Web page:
If the bond was issued by a private entity (say, a mortgage-backed security), then their bank account will shrink and money is destroyed. But most of the Fed’s bond holdings (and those of other central banks) are government bonds. So much depends on what happens next. Here, there are three possibilities:
- The Fed presents a matured bond to the US Treasury. The Treasury pays the Fed and nothing else happens. Net impact on money supply: nothing.
- The Fed presents a matured bond to the US Treasury. The Treasury pays the Fed and then promptly issues a new bond to the same value, which is sold to a bank. Net impact on money supply: nothing.
- The Fed presents a matured bond to the US Treasury. The Treasury pays the Fed and then promptly issues a new bond to the same value, which is sold to a non-bank private entity (that is to say, a household or a company). Net impact on money supply: money supply shrinks.
However, neither the US Government, nor other governments borrow in order to build up a pile of money. They borrow because they intend to spend. And the moment they spend they funds they have just borrowed, they are transferred back to the private sector and so become money once again.
Hence, the monetary impact of QT is likely to be limited. That is actually good news, since broad money growth currently is slowing quite sharply in the leading western economies, raising the fear that central banks will over-react on the tightening.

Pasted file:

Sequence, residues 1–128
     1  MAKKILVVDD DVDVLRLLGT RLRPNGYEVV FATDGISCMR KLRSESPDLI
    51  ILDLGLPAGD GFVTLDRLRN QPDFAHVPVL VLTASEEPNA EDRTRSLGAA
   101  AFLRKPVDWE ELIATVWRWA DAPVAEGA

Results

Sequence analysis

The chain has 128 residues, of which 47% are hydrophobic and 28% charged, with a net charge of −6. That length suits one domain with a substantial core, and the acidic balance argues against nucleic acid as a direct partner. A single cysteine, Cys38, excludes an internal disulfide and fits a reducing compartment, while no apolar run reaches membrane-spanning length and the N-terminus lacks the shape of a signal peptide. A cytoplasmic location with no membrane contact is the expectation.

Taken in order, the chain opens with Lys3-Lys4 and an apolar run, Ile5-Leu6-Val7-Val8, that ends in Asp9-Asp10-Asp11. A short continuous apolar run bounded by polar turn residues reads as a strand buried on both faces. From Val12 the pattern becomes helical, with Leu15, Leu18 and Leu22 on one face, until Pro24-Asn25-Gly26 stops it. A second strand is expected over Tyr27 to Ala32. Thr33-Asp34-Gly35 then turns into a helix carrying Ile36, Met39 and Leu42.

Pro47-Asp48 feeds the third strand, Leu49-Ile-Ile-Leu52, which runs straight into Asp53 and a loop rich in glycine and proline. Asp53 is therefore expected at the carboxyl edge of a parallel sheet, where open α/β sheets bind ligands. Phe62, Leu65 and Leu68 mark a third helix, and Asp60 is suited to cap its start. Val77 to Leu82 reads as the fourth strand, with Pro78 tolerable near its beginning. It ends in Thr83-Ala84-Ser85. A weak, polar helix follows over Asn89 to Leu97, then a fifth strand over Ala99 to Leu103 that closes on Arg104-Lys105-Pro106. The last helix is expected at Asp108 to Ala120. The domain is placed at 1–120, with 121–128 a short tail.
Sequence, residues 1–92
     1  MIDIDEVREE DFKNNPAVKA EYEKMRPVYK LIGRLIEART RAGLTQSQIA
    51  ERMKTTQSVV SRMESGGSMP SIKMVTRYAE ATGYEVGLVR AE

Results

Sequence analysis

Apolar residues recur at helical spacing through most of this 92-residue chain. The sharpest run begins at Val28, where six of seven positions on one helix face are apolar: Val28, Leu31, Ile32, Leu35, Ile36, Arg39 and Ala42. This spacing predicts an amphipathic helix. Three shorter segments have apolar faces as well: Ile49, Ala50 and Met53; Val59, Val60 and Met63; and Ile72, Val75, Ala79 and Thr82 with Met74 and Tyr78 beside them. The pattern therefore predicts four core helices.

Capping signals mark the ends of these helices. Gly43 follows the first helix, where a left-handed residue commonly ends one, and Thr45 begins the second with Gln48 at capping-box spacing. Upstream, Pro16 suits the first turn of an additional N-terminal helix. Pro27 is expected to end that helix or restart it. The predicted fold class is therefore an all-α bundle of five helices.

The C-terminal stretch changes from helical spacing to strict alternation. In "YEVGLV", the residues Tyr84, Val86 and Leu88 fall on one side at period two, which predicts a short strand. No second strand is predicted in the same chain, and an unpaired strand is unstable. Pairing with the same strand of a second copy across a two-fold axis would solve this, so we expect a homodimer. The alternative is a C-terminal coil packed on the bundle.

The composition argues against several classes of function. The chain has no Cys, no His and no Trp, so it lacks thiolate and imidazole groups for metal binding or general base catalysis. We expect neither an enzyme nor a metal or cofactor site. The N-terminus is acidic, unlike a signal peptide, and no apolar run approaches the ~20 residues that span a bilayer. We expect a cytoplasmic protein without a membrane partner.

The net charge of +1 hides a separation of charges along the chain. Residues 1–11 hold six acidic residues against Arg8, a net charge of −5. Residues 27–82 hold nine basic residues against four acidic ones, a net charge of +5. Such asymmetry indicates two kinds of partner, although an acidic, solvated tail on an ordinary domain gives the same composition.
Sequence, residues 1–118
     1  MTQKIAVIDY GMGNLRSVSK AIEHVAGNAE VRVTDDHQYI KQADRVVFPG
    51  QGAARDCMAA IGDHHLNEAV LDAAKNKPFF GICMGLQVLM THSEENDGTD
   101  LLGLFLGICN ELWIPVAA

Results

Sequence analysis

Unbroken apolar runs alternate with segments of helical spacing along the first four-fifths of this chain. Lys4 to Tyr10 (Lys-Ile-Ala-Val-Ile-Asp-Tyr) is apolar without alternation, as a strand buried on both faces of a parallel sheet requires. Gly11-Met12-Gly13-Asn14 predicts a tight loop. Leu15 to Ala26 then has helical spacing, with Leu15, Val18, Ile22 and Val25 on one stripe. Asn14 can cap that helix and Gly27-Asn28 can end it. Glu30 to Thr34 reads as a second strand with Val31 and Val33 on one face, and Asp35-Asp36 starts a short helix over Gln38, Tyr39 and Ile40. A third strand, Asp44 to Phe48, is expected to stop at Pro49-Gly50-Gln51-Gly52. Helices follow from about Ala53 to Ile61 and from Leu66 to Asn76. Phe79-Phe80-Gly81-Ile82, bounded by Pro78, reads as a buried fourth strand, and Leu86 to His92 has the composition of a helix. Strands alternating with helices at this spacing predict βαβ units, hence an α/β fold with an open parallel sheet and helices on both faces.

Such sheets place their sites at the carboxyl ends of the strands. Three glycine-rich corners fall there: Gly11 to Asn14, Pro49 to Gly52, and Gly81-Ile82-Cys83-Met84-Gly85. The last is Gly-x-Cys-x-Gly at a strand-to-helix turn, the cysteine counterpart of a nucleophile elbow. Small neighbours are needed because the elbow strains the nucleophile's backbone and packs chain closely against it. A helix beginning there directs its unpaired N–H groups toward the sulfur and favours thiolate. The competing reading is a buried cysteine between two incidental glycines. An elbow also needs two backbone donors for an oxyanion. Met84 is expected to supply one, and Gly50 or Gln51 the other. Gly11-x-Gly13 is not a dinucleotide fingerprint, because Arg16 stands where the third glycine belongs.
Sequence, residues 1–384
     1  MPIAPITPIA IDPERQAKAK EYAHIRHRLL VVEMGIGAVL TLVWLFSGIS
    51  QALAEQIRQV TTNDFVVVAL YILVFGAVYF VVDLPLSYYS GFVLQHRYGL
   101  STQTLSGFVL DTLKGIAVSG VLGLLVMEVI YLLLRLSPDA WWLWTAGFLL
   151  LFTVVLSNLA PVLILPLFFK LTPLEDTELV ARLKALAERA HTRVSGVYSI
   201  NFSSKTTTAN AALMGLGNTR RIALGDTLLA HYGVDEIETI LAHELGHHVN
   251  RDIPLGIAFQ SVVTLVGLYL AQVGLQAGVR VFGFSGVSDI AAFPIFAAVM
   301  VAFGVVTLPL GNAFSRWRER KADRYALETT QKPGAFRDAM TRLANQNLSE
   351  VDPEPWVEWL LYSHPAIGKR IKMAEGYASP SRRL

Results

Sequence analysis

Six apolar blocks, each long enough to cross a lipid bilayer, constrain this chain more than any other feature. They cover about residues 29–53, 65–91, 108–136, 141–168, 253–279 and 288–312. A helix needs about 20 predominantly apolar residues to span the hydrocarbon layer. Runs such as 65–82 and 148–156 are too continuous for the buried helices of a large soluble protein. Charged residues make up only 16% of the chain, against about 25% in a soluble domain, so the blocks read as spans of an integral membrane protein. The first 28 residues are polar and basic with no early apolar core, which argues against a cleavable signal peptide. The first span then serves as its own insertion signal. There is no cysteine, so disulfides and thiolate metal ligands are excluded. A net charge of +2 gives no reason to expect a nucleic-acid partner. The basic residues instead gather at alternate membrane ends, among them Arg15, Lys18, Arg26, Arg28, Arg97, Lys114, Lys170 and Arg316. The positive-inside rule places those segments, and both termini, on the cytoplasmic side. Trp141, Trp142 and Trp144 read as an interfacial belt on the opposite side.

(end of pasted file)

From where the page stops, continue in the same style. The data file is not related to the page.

Instead, the main impact of QT is likely to be felt on interest rates, specifically on the yield on long-term bonds. We are already seeing bond yields rising because of inflation. In addition, governments are still running substantial deficits, which provide further upward pressure on bond yields. But most importantly, with the end of QE and the beginning of QT, central banks disappear as the bond buyers of first resort. Not just that, they also become a further source of upward pressure on bond yields since the borrowers now will have to issue bonds with more attractive coupons to other buyers. In due course, this will once again make bonds an attractive investment for long-term investors, such as pension funds, which need to match income streams to expenditures. But the road from here to there is likely to prove not only painful, with steadily rising bond yields, but also long. The maturity profile of the Fed’s bond holdings means that a complete run-off (unlikely though that is) would drag on for decades. The likelihood is therefore (and for other reasons, see also this Comment from 2017) that we will see a secular (i.e., multi-decade) bond bear market.
How far will bonds ultimately rise? That is difficult to say. But over the very long term, real yields have averaged around 2%. At the moment, this would imply a nominal bond yield of around 10.5%, whereas the actual yield is about 2.9%. That is unlikely to happen, unless the Fed is perceived to have completely lost its grip on inflation. But it certainly points to yields well above where they are today, even if inflation eventually (perhaps in late 2023 or early 2024) falls back towards the 2% target. Even if higher inflation by itself did not push up bond yields (as it is already doing), the process of QT would certainly do so.